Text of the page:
I received this Breville TR39 Sandwich Press some years ago as a present. I went through phases of using it loads, and after recently re-organising my kitchen it is one of the things that I have fallen in love with again since finding it hidden in the back of a cupboard. There now seems to be a newer product available, the Breville VST025, and I would have to assume that this earlier version of mine has now been discontinued. Product description: "Cafe-style toasted snacks in minutes. Non-stick flat cooking plates. Floating hinged top plate for snacks and meals of any width. Power on and ready lights. Ideal for toasting focaccia and ciabatta breads." This particular sandwich toaster is a different beast altogether from the compact models that are designed to fit regular slices of bread and come out with that pressed triangular finish. The Breville TR39 model is much larger in size and does take up a fair bit of valuable surface space on my kitchen worktop, which is why I tend to keep it stored away when not in use. It has a rectangular shape with two flat hot plates that are connected by hinges. This allows for adjustable positioning of the top section, which means that the sandwich toaster is ideally suited to making open top sandwiches, and accommodates thicker bread rolls such as paninis or ciabatta. Of course, you can still use this to make a toasted sandwich out of regular sliced loaf bread, but I have a fondness for those squashed triangular things with the super-heated centres, and prefer to use this one specifically for special types of bread and rolls. It is incredibly easy to use this sandwich toaster, and it takes practically no time at all to make a yummy toasted sandwich. I plug it in and let it heat up while I am preparing my sandwich. An orange light comes on to indicate that the plates are heating up, and once the correct temperature has been reached a green light comes on so you can see straight away when you need to pop the sandwich inside. The green light remains on for just a few minutes, which is enough time to toast the sandwich through, and once it's done the green light will turn off so you know that it's time to take the sandwich out and eat! There is a loud "click" noise that accompanies the light going on and off, so if you are pottering around the kitchen this helps to attract your attention. You can either lock the top plate into position which allows space underneath to toast an open top sandwich, or you can press the top plate down directly onto the top of the bread to get an extra toasty finish. The weight of the top section does press down onto the sandwich if you choose the latter option and it can cause the bread to compress somewhat, but it also gives the bonus of a more crisp texture to the bread, and makes any cheese filling melt more easily. The time between the green light going on and off is just enough to give perfect results, and it has never over-cooked or burned any of my sandwiches. The only slight negative comment I have is that it says you can toast 4 paninis at one time, however in reality you have to squish them in like sardines so the sides are all touching, and I find you get much better results when toasting them 2 at a time. I would rarely ever need to make more than 2 sandwiches at once, so this isn't really a problem for me most of the time. The lower section has a raised lip around the edge of the hot plate, which keeps the sandwiches in place and stops anything from spilling out. After I have used the toaster I leave the top section wide open to help the plates cool down quickly, and then I simply wipe away any crumbs using a damp cloth. It is very easy to clean and takes no effort at all to keep the appliance in good condition. A handy tip is to scrape any bits of spilled melted cheese away while the plates are still hot, as it will be more difficult to remove once the plates have cooled and the cheese hardens and sticks to it. The plates have a non-stick finish and this appears to work very well as I've never had a sandwich stick to either side. I have noticed that some of the bread rolls I buy have a sprinkling of flour on the base which again helps to stop them sticking, but even when I use things like seed-topped paninis the bits do not stick to the plates. The appliance comes with an instruction booklet which also includes a few recipe ideas, but really you can just use your imagination or stick with the old favourites. If you are using meat or fish as part of the filling, just remember that it must be pre-cooked as the sandwich toaster only heats the sandwich through and will not properly cook any of the ingredients inside. Some of my favourite panini sandwich fillings are: "pizza" which is slices of pepperoni layered with grated cheese, tuna and cheese (with olives if I have some in the fridge), chicken and cheese (great for using up leftover scraps of cooked meat). The café at my office makes a delicious one with roasted Mediterranean vegetables and mozzarella, which I have yet to recreate at home. Essentially pretty much any standard sandwich filling can be combined with cheese for a lovely melty hot filling. A sandwich toaster is not really an essential item in terms of everyday kitchen requirements, but it really is a handy extra. I use it often when I want to prepare a quick and simple snack, especially through the winter months when I prefer to have hot meals at lunchtime instead of my usual cold pasta or salad. This Breville sandwich press is reliable, easy to use, easy to clean, and is perfect for making toasted panini sandwiches at home. I love mine and can definitely recommend it.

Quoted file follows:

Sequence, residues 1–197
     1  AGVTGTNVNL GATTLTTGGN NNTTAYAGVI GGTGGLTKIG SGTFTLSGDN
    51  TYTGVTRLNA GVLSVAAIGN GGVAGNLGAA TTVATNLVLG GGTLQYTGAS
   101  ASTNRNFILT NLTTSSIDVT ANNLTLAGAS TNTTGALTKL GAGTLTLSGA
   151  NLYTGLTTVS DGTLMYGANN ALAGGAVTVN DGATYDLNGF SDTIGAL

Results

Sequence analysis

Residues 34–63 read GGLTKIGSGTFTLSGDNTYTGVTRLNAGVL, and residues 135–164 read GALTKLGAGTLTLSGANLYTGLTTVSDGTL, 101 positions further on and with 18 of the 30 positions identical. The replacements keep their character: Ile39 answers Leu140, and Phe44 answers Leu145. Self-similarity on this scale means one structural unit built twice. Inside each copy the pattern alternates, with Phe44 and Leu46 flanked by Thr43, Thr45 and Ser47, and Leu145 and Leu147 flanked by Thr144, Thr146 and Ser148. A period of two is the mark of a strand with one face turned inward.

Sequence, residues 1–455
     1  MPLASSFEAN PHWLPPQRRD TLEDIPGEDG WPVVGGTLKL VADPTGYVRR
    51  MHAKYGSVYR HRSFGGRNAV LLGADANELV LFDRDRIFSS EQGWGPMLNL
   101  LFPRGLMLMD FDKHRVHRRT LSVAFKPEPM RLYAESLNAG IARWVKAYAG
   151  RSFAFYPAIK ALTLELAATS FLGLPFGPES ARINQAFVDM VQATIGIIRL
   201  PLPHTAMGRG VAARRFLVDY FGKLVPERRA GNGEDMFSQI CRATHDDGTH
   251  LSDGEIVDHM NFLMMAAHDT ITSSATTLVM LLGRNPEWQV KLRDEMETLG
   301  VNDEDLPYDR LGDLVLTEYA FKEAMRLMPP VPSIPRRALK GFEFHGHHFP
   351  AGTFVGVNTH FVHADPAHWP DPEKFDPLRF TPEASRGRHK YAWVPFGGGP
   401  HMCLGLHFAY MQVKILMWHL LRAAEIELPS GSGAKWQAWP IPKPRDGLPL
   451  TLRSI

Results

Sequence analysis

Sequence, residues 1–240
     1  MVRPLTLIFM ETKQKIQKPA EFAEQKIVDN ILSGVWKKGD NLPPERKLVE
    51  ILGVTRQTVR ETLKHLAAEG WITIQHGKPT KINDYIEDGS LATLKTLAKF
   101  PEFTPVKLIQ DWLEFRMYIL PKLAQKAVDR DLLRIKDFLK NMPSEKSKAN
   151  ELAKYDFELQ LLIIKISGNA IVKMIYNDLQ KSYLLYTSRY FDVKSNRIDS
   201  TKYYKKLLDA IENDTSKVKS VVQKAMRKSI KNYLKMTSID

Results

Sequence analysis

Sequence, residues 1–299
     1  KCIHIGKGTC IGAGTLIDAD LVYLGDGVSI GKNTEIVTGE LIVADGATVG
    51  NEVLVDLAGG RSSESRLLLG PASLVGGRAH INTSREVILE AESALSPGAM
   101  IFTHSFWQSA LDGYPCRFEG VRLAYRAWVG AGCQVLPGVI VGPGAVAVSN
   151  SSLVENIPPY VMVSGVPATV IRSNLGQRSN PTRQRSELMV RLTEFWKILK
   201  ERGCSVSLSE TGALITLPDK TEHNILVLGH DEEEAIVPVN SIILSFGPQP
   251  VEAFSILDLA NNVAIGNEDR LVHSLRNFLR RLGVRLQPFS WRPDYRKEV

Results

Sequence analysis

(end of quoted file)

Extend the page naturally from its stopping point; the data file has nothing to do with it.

Everyone likes a toasted sandwich, but let's be honest - they may be delicious, but even though we all have a sandwich toaster in the back of the cupboard, we rarely get it out and use it. Why? - well that is easy, it is because they are so fiddly... having to lightly butter the bread on the outside so that it doesn't stick, trying to take the sandwiches out of the machine and the sandwich splits open when you are trying to gently ease it out - or even more typically, the toasted bread has actually stuck to the sandwich maker, so even if you can get the sandwich out, it will not be in one piece, the filling will be spilling out and the actual toaster becomes a nasty mess that when it cools down will be a nightmare to clean... My hubby and I were out and about one afternoon and we stopped off at Starbucks for lunch.. I can't say that we are the most trendiest of couples.. we are certainly not at the front of the queue when it comes to buying new ideas - but we saw on the menu that you could have a toasted Panini, not something we have ever had before - but it didn't look scarey, so we went for it! My opinion of the Panini, was overpriced and stingy on the filling.. but this is not a Starbucks review..but it was actually delicious and we sat in the coffee shop working out what we would have in one, if we were to make one ourselves.. The next thing we knew we were hotfooting it to Argos to see how much the Panini machines were! We were pleasantly surprised, the Breville one that we bought was around the £35 mark, this was about eight years ago, so I would assume that there are better, cheaper deals to be had now. It was just so easy to use... a wipe clean, stainless steel cover, which when you open up it reveals a flat hotplate base and a hotplate lid - be aware, absolutely scorching hot when heated up! The lid does not clip into place, it just rests on the top of the sandwich.. There is room on this hotplate to make two toasted sandwiches, from typical-size sliced bread, or if you were to buy Panini type rolls then there would be possibly room for four. Instructions could not be simpler... turn machine on, allow to warm up, place sandwiches/Panini rolls on the hot tray, close the lid - check on the sandwich in a minute or two.. Panini machines are so much easier than the old traditional sandwich makers, they are very easy to clean after use (obviously make sure that the hot plates have cooled down) food/bread does not stick to the surfaces.. 100% success every time. My personal Panini favourite is traditional, cheese and tomato, sometimes with ham... delicious, you really cannot go wrong. We have also discovered that you can use this hot plate for cooking.. my hubby is known to griddle bacon on there.. it is a little mucky though as there is nowhere for the fat to drain.. we heat through other items on it too - Hot Dog Sausages for example, Naan bread, toasted tea cakes, crumpets.. A very versatile machine - and one that gets regularly used, unline the old sandwich toaster. Eight years on and still works a treat..